Sunday, December 29, 2019

Zoë tales

On Christmas Adam, Andrew decided to run to the movies to watch Frozen II with Zoë, since she hadn't been invited when he took the older three to the new Star Wars movie a few days before. 

I just stay home with the baby. 

It's fine. 

No, really, it is. Movie theaters are kind of fun, I guess, but they also really stress me out. I'm a little noise sensitive so I usually just sit there wishing they would turn it down. Anyway, Zoë had a blast going out with Daddy all by herself (and she loved the movie).

Here she is looking altogether too grown up:

She has been experimenting with writing lately and will write random little stories (or make herself long worksheets of math problems) for quite a long time without getting bored of it. Here's a little sample of her writing that I found the other day:

It says:

ALiX iS LUViNG (not sure about the hF)

One day we were all working at projects in the basement when I noticed she was entertaining herself by writing on the whiteboard. She had written "THE THINGS THAT DAD DID" but she erased it before I could grab the camera. I thought it was so sweet because our dad has been doing a lot of things around the house lately.

I love that she can't quite figure out Alex's name. That said, it's better than how Benjamin consistently spells Miriam's name, which I'm consistently reminding him is in big, bold letters on the picture of her in the dining room...Meriyum. Always Meriyum.

Which, like, I get. But also...that's not even close. Anyway...I began this post with the goal of sharing three separate tidbits about Zoë (not that you knew that, but I knew that and this post wouldn't feel complete until I get all three points recorded) so I need to get back on track and finish up.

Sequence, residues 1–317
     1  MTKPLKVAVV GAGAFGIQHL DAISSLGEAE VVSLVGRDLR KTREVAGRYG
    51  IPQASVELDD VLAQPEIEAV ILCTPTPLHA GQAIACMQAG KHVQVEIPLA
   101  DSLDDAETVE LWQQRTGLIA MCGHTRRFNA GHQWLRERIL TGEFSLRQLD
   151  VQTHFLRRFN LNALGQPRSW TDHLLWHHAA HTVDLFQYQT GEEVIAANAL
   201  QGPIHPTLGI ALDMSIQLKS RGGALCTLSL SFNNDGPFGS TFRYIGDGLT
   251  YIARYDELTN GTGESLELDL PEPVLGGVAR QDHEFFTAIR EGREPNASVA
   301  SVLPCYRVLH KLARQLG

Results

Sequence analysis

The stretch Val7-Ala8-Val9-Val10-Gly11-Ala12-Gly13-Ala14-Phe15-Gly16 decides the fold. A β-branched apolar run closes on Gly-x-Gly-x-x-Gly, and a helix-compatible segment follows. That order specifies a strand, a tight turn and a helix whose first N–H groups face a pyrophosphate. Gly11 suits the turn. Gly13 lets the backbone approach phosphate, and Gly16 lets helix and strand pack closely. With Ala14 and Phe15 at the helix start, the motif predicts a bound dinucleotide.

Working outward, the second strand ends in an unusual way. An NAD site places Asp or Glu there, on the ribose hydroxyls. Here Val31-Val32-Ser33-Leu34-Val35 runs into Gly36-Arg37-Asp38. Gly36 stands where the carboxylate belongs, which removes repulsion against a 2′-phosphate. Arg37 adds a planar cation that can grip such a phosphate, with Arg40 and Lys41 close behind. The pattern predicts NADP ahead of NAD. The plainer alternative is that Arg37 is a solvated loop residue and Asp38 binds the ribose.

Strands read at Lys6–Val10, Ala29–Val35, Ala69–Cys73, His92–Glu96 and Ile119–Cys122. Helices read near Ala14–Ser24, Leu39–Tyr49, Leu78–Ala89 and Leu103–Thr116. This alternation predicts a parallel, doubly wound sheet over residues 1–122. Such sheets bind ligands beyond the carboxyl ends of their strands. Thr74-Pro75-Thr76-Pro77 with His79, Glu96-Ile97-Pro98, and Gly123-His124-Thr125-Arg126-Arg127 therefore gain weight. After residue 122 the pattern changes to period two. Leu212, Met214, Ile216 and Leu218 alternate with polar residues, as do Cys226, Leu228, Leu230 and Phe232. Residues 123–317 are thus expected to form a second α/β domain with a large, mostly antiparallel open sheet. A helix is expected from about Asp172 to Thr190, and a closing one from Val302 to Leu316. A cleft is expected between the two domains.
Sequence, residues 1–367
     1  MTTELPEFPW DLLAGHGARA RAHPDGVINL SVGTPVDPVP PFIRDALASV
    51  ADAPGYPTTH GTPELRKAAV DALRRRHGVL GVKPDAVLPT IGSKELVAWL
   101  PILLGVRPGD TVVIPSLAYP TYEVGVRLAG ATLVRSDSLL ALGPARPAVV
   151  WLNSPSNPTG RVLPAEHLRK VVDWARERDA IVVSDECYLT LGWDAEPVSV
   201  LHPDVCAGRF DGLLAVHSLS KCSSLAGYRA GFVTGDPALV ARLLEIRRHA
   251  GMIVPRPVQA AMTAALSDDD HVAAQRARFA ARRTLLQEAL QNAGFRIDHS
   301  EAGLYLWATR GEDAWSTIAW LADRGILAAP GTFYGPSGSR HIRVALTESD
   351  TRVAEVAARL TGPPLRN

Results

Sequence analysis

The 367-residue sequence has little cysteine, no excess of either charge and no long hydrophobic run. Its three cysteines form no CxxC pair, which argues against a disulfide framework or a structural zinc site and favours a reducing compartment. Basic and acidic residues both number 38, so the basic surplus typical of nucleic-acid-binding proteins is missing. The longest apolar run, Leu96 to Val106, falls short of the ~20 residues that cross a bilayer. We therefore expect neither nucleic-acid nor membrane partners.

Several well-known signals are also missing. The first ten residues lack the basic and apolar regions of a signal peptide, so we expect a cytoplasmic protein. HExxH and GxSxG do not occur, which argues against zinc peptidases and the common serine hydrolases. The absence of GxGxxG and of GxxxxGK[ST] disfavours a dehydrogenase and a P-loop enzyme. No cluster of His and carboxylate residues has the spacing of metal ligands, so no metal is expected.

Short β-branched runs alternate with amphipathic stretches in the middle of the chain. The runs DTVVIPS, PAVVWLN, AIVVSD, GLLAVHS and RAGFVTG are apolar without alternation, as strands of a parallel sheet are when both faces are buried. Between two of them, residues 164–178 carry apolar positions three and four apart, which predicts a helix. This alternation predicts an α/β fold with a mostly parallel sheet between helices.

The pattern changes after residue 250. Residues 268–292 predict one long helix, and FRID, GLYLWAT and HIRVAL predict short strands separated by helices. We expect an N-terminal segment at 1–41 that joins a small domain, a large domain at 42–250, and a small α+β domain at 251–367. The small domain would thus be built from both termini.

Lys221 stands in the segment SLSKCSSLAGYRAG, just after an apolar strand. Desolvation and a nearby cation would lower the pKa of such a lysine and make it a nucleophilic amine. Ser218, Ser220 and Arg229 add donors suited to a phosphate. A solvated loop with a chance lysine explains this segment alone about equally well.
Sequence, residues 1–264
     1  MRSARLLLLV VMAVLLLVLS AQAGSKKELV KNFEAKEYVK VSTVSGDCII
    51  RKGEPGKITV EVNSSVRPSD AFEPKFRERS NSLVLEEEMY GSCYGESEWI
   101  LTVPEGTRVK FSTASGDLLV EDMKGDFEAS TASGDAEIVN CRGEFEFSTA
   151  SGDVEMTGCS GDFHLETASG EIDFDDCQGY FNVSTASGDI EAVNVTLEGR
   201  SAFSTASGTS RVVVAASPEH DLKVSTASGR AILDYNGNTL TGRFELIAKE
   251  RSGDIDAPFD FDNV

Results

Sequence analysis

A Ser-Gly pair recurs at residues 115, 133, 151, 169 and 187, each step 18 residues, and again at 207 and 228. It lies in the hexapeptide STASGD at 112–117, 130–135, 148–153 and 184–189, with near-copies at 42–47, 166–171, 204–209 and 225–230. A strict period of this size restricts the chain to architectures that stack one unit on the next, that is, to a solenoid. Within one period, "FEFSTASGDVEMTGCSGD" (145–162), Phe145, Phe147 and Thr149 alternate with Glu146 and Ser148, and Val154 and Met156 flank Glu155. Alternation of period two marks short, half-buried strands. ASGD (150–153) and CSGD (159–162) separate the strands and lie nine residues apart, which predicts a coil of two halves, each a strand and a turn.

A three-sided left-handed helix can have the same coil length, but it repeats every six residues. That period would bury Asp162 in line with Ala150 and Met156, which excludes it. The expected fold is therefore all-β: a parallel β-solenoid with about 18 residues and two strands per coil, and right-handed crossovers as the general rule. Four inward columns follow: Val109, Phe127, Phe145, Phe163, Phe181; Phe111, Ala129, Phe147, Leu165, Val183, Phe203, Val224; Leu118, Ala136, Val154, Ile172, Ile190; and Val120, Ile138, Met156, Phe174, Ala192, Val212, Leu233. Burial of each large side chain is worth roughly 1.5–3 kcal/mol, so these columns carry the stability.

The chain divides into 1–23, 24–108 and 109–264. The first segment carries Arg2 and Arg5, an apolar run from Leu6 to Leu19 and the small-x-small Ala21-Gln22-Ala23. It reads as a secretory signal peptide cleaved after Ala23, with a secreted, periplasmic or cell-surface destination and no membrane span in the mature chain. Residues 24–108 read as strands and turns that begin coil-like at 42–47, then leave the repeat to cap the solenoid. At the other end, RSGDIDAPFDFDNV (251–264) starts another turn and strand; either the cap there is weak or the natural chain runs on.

This evening, after a long day of house projects, Andrew and I got all the kids into bed (and then put up a towel rack and a shelf) and then settled on the couch to watch a show together. Zoë, who begged me to put her hair in rags this week, was having trouble getting comfortable enough to sleep (apparently (and obviously because of the rags)) and she made her way down the stairs to check on us much later than she should have still been awake.

I met her in the hallway and picked her up for a snuggle.

"What's up?" I asked. "Besides you."

"Well, I just have a question," she told me.

"What's that?"

"'s guys are, like, still doing family things together but, like, all of the kids are in bed. We're not doing family things. We're all, like, in bed, just going to sleep."

"Yes," I nodded. I knew that because I had put them all there. And it had been like herding cats. It involved bathing three of them, brushing multiple sets of teeth, wrangling uncooperative souls into pyjamas, snuggling on the big chair for stories, corralling them for scripture study, reading a chapter from our bedtime book (because somehow we have two story times now; currently we're reading The Wizard of Oz), coaxing them to say their bedtime prayers, lullabies and back scratches and...yes. They were in bed. I deserved this moment.

"So, I just want to know why you're doing family things without all of us? Because, like, family things, Mom."

Our assertive advocate for children's rights levied some pretty nefarious charges against us, that's for sure!

"By family things do you mean "watching a show?" Because sometimes we do that as a family and sometimes that's something Mommy and Daddy do alone...together," I explained.

"Oh," she said.

"So, it's not really family time right now," I continued. "It's Mommy and Daddy time. So you need to head back up to bed."

"Fine, family things without me, okay?" she asked.

"Okay," I promised.

She's always been a little worried about ever missing out on anything (thus the reason she'd stay up all night screaming for all those many long colicky months (years?)). I guess old habits die hard.

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